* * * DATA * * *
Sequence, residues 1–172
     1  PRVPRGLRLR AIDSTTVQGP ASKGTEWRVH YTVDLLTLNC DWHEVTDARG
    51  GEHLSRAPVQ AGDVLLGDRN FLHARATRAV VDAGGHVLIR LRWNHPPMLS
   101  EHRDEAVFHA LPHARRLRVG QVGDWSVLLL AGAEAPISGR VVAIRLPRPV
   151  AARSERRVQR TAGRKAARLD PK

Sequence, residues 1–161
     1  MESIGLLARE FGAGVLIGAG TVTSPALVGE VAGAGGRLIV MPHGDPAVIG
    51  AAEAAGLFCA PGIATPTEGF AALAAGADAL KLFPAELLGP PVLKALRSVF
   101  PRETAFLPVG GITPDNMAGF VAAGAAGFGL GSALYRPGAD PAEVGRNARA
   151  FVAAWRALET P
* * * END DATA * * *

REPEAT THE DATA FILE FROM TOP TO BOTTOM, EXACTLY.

Sequence, residues 1–172
     1  PRVPRGLRLR AIDSTTVQGP ASKGTEWRVH YTVDLLTLNC DWHEVTDARG
    51  GEHLSRAPVQ AGDVLLGDRN FLHARATRAV VDAGGHVLIR LRWNHPPMLS
   101  EHRDEAVFHA LPHARRLRVG QVGDWSVLLL AGAEAPISGR VVAIRLPRPV
   151  AARSERRVQR TAGRKAARLD PK

Sequence, residues 1–161
     1  MESIGLLARE FGAGVLIGAG TVTSPALVGE VAGAGGRLIV MPHGDPAVIG
    51  AAEAAGLFCA PGIATPTEGF AALAAGADAL KLFPAELLGP PVLKALRSVF
   101  PRETAFLPVG GITPDNMAGF VAAGAAGFGL GSALYRPGAD PAEVGRNARA
   151  FVAAWRALET P